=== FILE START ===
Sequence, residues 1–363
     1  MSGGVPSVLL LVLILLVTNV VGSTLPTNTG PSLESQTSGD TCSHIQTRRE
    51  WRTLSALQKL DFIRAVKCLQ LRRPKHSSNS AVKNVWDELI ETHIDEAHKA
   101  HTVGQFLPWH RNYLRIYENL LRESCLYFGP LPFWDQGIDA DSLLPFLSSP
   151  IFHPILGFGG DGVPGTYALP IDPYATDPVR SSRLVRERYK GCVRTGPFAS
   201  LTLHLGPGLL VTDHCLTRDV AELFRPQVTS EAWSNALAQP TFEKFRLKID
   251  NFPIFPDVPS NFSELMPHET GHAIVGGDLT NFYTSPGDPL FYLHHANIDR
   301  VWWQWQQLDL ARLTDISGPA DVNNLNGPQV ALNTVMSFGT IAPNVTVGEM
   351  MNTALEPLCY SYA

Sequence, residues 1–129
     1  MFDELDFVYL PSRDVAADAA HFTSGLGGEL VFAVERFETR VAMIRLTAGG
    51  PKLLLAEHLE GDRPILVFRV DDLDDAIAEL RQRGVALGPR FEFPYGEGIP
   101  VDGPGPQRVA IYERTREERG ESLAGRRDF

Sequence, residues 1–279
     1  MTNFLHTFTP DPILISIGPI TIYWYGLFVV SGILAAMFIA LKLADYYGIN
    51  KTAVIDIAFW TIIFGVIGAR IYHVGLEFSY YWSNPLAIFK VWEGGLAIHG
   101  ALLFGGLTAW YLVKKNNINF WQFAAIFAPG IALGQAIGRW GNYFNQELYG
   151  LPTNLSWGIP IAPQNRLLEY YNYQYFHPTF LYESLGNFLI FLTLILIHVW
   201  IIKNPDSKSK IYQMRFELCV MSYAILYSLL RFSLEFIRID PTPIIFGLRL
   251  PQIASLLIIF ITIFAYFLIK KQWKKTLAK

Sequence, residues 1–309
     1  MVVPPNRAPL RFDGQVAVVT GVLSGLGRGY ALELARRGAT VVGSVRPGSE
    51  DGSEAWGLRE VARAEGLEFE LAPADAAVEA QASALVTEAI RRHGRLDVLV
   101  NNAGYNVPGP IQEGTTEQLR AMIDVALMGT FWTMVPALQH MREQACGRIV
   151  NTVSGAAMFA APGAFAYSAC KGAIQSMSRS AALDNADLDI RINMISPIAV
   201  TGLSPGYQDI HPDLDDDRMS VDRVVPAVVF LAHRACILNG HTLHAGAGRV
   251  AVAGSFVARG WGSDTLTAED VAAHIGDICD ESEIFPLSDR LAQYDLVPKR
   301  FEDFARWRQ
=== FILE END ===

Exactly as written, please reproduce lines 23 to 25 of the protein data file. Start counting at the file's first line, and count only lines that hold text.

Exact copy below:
    51  DGSEAWGLRE VARAEGLEFE LAPADAAVEA QASALVTEAI RRHGRLDVLV
   101  NNAGYNVPGP IQEGTTEQLR AMIDVALMGT FWTMVPALQH MREQACGRIV
   151  NTVSGAAMFA APGAFAYSAC KGAIQSMSRS AALDNADLDI RINMISPIAV